After Bout was hustled from a Thai prison to a waiting jet early Tuesday, the Russian Foreign Ministry branded the extradition “unlawful,” prompted by “unprecedented political pressure from the USA.”
The United Nations has accused Bout of being responsible since at least 2000 for playing a critical role in arming a number of international conflicts in areas where the weapons trade has been embargoed by the United Nations.
In March 2004, the U.N. Security Council Committee imposed travel restrictions on Bout, saying he supported efforts to destabilize Sierra Leone and gain illicit access to diamonds. Three months later, the committee also acted to freeze his assets.
Bout has been accused of supplying weapons that fueled civil wars in South America, the Middle East and Africa, with clients ranging from Liberia’s Charles Taylor and Libyan leader Moammar Gadhafi to the Taliban government that once ran Afghanistan. He was an inspiration for an arms dealer character played by Nicolas Cage in the 2005 film “Lord of War.”
His arrest came at a Bangkok luxury hotel after a sting operation by the Drug Enforcement Administration using informants who posed as officials of the Revolutionary Armed Forces of Colombia, also known as the FARC, classified by Washington as a narco-terrorist group.
Bout discussed politics and economics during the trip to New York, according to a law enforcement official who was on the plane. The person, who talked to The Associated Press on condition of anonymity, was not authorized to speak publicly.
Bout said he was a vegeterian, ate salad, drank a lot of water and listened to classical music, the official said. He slept during part of the trip.
Thomas Harrigan, DEA chief of operations, told The Associated Press that the arrest, extradition and prosecution of Bout were “a victory for us all.”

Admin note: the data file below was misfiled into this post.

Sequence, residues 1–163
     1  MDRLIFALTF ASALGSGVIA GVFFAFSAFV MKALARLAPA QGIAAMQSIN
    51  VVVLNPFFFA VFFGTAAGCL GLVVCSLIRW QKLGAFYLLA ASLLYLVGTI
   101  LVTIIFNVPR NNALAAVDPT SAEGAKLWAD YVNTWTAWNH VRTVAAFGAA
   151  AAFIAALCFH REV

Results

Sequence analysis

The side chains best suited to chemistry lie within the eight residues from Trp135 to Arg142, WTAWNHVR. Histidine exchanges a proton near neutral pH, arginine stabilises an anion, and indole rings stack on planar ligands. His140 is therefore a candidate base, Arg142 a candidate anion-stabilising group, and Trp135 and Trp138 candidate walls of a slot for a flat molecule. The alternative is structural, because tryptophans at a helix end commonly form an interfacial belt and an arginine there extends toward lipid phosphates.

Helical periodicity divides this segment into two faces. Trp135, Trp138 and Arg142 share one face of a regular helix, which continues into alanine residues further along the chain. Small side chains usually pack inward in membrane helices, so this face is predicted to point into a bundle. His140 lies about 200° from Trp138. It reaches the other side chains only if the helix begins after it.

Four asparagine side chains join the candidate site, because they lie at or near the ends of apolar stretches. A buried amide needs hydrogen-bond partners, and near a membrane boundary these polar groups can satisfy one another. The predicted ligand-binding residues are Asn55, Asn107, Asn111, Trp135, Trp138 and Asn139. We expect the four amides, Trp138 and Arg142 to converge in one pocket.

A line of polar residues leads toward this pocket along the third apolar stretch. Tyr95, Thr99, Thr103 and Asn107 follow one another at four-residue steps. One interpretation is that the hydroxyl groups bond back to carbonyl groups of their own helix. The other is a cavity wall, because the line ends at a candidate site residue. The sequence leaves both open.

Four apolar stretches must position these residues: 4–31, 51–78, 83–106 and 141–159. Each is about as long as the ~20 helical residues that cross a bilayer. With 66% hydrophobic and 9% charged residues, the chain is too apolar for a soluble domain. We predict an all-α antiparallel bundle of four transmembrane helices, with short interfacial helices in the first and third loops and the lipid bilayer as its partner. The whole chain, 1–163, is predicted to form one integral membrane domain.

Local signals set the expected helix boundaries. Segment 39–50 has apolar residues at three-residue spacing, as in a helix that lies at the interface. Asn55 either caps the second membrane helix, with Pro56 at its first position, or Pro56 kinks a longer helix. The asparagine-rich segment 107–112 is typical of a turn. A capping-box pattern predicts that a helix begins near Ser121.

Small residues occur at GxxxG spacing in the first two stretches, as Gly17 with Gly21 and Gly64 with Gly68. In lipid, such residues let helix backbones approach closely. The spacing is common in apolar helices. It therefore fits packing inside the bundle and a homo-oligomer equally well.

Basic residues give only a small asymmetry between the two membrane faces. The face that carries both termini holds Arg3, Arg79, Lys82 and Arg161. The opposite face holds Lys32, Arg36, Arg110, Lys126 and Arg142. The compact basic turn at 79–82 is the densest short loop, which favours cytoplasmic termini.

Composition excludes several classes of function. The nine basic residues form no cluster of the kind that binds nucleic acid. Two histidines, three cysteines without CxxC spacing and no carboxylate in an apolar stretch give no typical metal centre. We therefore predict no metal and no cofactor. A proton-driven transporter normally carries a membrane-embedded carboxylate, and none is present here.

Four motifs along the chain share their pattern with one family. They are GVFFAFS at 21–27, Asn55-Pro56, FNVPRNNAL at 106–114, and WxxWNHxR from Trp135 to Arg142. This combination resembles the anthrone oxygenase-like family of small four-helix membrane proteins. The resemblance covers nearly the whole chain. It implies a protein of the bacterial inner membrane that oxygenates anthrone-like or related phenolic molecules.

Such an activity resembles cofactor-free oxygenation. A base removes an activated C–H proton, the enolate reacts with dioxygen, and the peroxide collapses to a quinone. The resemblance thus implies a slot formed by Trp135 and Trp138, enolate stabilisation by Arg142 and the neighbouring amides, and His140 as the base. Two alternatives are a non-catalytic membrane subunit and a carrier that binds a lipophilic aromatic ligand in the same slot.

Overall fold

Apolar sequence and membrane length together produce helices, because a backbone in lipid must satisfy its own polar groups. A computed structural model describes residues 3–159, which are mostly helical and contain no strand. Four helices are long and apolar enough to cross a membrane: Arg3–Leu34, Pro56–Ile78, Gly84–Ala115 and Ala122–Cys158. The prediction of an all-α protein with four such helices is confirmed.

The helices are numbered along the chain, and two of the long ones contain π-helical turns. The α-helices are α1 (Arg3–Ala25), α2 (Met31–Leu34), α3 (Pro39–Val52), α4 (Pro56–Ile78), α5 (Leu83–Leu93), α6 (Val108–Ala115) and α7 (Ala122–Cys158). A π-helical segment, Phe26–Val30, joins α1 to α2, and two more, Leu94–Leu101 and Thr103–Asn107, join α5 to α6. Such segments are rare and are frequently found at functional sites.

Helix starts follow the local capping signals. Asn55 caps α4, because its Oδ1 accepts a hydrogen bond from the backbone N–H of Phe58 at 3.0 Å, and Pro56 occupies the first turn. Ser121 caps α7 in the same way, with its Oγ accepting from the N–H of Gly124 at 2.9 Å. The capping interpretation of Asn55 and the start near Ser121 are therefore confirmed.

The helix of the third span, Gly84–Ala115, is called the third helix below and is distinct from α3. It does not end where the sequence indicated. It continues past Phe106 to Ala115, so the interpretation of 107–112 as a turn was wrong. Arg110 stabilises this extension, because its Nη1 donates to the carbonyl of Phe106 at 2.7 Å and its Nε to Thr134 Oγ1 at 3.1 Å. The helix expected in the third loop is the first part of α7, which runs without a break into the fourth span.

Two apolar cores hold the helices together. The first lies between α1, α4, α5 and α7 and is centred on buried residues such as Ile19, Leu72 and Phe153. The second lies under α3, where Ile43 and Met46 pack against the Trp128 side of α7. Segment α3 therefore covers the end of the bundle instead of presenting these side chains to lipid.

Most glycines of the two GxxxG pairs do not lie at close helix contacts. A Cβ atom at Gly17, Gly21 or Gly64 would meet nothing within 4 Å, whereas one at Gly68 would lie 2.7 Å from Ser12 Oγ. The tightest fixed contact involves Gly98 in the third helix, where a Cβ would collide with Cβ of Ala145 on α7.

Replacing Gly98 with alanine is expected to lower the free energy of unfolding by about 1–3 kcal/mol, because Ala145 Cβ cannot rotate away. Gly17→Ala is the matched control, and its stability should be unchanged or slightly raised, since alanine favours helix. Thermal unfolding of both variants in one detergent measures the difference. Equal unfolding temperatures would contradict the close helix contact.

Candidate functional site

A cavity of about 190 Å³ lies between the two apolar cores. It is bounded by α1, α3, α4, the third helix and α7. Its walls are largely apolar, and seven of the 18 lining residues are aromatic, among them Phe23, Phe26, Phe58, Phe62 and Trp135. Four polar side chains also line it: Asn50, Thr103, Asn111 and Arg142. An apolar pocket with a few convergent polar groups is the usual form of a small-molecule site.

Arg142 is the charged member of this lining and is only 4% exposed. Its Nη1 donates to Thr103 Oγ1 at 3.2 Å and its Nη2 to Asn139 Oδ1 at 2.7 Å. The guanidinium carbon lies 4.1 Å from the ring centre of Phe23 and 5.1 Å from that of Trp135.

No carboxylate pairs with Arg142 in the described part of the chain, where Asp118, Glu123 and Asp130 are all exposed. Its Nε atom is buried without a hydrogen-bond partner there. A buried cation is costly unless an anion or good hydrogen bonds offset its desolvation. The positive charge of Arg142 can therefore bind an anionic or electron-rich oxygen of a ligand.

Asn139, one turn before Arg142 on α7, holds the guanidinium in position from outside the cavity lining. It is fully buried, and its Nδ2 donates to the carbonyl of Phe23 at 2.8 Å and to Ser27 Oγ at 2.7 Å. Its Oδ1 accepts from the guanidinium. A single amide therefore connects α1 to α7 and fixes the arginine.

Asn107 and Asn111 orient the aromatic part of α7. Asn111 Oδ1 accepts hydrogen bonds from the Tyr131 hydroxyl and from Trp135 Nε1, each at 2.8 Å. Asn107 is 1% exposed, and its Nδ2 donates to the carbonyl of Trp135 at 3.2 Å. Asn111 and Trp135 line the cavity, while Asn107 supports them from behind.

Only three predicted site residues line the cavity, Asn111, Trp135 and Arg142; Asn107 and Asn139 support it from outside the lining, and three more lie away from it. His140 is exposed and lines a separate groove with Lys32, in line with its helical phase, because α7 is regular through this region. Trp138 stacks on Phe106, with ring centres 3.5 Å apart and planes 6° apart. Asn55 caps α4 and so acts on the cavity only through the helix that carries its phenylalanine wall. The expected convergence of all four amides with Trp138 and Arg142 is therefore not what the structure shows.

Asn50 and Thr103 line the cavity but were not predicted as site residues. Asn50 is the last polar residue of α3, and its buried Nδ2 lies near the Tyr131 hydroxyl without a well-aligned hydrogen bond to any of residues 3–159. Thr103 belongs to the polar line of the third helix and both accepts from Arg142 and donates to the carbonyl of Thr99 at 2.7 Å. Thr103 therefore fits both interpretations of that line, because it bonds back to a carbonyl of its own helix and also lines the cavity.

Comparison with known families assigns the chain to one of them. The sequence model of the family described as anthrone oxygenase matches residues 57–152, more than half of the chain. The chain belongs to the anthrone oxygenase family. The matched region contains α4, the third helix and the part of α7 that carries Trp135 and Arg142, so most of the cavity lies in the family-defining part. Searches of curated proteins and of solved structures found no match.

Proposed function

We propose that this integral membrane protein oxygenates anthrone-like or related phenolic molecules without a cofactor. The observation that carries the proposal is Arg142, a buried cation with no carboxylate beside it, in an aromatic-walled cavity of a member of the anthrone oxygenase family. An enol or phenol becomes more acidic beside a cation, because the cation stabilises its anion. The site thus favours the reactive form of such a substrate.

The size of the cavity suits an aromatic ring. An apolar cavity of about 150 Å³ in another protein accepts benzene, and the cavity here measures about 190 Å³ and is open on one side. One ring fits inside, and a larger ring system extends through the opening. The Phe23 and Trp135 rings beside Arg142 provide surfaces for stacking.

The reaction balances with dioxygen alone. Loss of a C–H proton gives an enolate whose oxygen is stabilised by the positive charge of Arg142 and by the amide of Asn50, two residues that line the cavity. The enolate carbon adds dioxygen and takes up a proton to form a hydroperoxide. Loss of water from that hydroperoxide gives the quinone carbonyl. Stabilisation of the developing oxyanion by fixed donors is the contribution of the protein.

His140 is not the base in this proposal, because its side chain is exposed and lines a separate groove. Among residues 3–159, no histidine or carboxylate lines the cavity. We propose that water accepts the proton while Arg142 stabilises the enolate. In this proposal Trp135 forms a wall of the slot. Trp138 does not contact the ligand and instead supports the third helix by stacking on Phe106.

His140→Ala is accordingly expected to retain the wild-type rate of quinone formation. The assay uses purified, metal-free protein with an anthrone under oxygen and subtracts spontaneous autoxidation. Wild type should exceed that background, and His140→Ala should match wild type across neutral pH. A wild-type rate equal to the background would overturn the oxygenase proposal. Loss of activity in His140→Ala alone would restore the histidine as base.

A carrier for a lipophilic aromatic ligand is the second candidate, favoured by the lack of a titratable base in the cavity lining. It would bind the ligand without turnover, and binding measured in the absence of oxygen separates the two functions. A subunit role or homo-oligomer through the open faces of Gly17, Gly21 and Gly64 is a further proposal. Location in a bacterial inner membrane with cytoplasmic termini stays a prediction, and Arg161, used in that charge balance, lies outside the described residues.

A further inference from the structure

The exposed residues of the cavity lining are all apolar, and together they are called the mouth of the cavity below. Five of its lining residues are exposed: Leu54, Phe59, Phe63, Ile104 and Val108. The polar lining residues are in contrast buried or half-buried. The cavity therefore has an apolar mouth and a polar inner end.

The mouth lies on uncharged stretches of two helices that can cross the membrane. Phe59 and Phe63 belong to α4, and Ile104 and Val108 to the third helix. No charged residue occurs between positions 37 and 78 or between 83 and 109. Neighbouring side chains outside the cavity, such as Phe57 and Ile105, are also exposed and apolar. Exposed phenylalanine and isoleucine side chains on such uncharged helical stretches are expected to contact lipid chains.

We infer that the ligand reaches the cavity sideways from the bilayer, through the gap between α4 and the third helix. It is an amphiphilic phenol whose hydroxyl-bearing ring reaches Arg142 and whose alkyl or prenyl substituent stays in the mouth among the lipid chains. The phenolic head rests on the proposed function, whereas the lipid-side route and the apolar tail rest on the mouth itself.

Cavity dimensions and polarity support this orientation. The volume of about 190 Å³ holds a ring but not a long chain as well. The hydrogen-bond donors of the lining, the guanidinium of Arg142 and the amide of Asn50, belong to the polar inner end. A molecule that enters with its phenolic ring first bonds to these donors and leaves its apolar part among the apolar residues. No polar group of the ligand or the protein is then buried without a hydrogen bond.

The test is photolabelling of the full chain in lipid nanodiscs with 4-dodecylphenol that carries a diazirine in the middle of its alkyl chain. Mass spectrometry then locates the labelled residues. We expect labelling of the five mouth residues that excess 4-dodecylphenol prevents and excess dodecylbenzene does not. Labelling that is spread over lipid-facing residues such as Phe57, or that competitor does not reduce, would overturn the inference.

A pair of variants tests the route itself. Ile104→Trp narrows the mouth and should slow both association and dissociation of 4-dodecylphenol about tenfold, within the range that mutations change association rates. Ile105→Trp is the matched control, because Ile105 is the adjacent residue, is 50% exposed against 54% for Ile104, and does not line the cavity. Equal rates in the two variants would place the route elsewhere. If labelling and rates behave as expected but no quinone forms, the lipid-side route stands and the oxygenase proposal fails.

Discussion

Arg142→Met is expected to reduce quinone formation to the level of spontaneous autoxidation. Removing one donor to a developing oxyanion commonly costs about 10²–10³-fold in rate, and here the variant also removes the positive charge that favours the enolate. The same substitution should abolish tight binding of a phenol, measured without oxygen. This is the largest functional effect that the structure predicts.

He said the case was especially important because “of the access Mr. Bout had to weapons” and his ability to spread them to remote parts of the world.
“We go where the evidence takes us,” Harrigan said, noting that what started as a drug probe grew into an international weapons smuggling investigation that took agents halfway around the globe and to one of the world’s most notorious arms dealers.
Bout was charged with conspiracy, accused of agreeing to smuggle missiles and rocket launchers to the FARC, and conspiring to kill U.S. officers or employees. If convicted, he could face a maximum penalty of life in prison and a mandatory minimum of 25 years in prison.
Successful U.S. prosecution could set a precedent for bringing other international crime kingpin suspects to trial, showing “that we would not tolerate international scofflaws,” said Juan C. Zarate, a former top Bush administration national security adviser who is now a senior fellow at the Center for Strategic and International Studies.
According to court papers, wiretaps capture Bout saying that the FARC’s fight against America was also his fight and that he would supply the group with 700 to 800 surface-to-air missiles, 5,000 AK-47 firearms, unmanned aerial vehicles and ultralight airplanes which could be outfitted with grenade launchers and missiles.
The papers said he told two confidential sources working with the DEA that he would sell them weapons to be used to attack U.S. helicopters in Colombia.
The case is similar to one built to bring down a notorious Syrian-born arms dealer — Monzer al-Kassar. Convicted in New York in 2007, al-Kassar was recorded telling undercover DEA agents that he thought were FARC representatives that he shared their hatred of the United States. Al-Kassar was sentenced in February 2009 to 30 years in prison at the age of 63.
(Copyright 2010 by The Associated Press. All Rights Reserved.)